Paul Pillar

ISIS and the Politics of Surprise

The recent burst of recriminations about what the U.S. intelligence community did or did not tell the president of the United States in advance about the rise of the extremist group sometimes called ISIS, and about associated events in Iraq, is only a variation on some well-established tendencies in Washington discourse. The tendency that in recent years has, of course, become especially strongly entrenched is that of couching any issue in the way that is best designed to bash one's political opponents. For those determined to bash and frustrate Barack Obama at every turn, it is a tendency that trumps everything else. Thus we now have the curious circumstance of some of Mr. Obama's Republican critics, who in other contexts would be at least as quick as anyone else to come down on U.S. intelligence agencies (and most other parts of the federal bureaucracy) like a ton of bricks, saying that the president got good information but failed to act on it. (Some critics, however, have tried to lower their cognitive dissonance by saying that “everyone” could see what was coming with ISIS.)

Relationships between the intelligence community and presidential administrations over the past few decades have not fallen into any particular pattern distinguishable by party. One of the best relationships was with the administration of the elder George Bush—perhaps not surprisingly, given that president's prior experience as a Director of Central Intelligence under President Gerald Ford. Probably the worst was during the presidency of the younger George Bush, whose administration—in the course of selling the Iraq War—strove to discredit the intelligence community's judgments that contradicted the administration's assertions about an alliance between Iraq and al-Qaeda, pushed for public use of reporting about alleged weapons programs that the community did not consider credible, and ignored the community's judgments about the likely mess in Iraq that would follow the ouster of Saddam Hussein's regime. Relations also have varied under Democratic presidents. Mr. Obama, given the evidently deliberate and methodical way he weighs input, including from the civilian and military bureaucracy, before major national security decisions, probably has been one of the better users of intelligence, at least in the sense of paying attention to it. His remark on 60 Minutes that led to the accusations about ISIS, however, did sound like gratuitous blame-shifting.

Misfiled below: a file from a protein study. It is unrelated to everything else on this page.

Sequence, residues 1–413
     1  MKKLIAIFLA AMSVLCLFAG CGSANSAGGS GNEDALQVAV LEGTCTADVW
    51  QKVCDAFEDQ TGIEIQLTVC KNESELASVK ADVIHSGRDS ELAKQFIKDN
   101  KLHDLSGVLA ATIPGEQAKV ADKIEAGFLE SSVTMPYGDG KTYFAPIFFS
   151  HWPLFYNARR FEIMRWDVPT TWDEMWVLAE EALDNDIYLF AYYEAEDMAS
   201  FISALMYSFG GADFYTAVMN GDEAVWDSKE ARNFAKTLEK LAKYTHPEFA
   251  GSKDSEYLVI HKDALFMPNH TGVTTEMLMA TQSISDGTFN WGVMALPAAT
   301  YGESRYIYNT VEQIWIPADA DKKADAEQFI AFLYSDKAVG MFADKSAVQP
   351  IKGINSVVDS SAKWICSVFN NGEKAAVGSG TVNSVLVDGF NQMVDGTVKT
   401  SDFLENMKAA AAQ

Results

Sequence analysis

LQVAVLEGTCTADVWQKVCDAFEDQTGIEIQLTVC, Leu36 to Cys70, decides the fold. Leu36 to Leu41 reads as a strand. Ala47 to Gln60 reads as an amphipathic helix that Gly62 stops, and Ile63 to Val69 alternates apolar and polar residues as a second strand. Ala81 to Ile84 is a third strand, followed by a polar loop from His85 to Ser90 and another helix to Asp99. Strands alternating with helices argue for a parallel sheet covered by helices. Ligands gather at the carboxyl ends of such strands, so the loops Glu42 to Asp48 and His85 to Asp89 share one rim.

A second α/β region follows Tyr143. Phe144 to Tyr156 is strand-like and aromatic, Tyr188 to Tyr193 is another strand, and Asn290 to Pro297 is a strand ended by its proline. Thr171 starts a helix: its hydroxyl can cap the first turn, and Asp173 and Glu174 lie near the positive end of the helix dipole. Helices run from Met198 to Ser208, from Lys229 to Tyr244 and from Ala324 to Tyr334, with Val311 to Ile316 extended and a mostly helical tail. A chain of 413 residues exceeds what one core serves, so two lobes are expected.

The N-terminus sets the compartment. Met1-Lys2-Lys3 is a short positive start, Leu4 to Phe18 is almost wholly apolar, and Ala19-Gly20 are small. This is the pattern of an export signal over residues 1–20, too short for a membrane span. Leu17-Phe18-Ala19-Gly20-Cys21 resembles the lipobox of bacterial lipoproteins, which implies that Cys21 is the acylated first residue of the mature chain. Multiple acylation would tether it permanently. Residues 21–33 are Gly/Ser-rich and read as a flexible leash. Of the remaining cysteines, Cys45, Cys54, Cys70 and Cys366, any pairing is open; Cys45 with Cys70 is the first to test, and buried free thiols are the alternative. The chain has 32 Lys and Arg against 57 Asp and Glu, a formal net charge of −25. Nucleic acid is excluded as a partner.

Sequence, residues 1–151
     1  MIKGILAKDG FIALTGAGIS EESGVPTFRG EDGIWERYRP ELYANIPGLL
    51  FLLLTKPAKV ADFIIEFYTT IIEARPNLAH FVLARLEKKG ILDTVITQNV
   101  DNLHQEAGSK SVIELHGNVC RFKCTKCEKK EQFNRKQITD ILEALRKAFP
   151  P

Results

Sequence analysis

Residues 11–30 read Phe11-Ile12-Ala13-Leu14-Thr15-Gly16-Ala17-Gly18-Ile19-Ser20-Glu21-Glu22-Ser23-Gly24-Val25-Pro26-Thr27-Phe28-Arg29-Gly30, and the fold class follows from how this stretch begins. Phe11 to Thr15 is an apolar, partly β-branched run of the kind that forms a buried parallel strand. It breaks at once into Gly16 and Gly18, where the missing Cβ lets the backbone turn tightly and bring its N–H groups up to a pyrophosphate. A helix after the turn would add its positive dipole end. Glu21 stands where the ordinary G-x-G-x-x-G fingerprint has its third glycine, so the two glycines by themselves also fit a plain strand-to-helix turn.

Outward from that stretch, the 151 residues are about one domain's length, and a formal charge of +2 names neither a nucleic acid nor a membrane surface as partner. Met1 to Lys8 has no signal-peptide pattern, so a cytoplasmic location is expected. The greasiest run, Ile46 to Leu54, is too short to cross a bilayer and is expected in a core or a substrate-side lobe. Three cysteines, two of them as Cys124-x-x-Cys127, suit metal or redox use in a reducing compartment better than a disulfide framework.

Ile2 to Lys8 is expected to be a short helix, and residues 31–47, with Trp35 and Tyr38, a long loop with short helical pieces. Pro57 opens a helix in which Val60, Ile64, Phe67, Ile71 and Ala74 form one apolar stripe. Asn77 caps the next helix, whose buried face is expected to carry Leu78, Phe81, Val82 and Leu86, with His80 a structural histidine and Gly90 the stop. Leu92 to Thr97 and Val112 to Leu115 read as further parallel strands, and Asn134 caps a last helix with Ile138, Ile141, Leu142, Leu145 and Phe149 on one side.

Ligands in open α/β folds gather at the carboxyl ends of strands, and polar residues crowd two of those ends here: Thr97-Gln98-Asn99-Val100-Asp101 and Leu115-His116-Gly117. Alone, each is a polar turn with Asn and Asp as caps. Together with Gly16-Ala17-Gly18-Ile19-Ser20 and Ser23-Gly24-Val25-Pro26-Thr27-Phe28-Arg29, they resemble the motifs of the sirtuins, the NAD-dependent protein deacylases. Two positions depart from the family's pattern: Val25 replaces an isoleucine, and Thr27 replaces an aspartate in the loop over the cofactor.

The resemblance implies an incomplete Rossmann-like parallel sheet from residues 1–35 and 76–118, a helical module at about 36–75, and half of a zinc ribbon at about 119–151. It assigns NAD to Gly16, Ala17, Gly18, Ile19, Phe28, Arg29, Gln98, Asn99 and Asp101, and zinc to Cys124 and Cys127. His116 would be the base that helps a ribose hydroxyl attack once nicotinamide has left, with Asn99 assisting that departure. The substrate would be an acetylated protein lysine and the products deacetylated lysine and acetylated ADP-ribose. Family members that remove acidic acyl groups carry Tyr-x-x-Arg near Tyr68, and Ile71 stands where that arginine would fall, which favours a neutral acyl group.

One very longstanding and bipartisan tendency that this recent imbroglio has diluted (because the political motive to attack Obama is even stronger than political motives to attack intelligence agencies) is to assume that any apparently insufficient U.S. reaction to an untoward development overseas must be due to policymakers not being sufficiently informed, and this must be because intelligence services failed. It is remarkable how, when anything disturbing goes bump in the night overseas, the label “intelligence failure” gets quickly and automatically applied by those who have no basis whatever for knowing what the intelligence community did or did not say—in classified, intra-governmental channels—to policymakers.

The current case does demonstrate in undiluted form, however, several other recurrent tendencies, one of which is to affix the label “surprise” to certain events not so much because of the state of knowledge or understanding of those who make national security policy but more because we, the public—and the press and chattering class—were surprised. Or to be even more accurate, this often happens because those of us outside government weren't paying much attention to the developments in question until something especially dramatic seized our attention, even though we actually had enough information about the possibilities that we should not have been surprised. Thus the dramatic gains by ISIS earlier this year have been labeled a “surprise” because a swift territorial advance and gruesome videotaped killings grabbed public attention.

Another tendency is to believe that if government is working properly, surprises shouldn't happen. This belief disregards how much that is relevant to foreign policy and national security is unknowable, no matter how brilliant either an intelligence service or a policymaker may be. This is partly because of other countries and entities keeping secrets but even more so because some future events are inherently unpredictable—given that they involve decisions that others have not yet made, or social processes too complex or psychological mechanisms too fickle to model. Director of National Intelligence James Clapper was referring to this epistemological reality in the comment that he made recently about the Iraqi army's collapse and that the president erroneously characterized in his 60 Minutes interview. Clapper was not saying that the intelligence community messed up on this question; he instead was observing that this type of sudden loss of will in the heat of battle has always been unpredictable.

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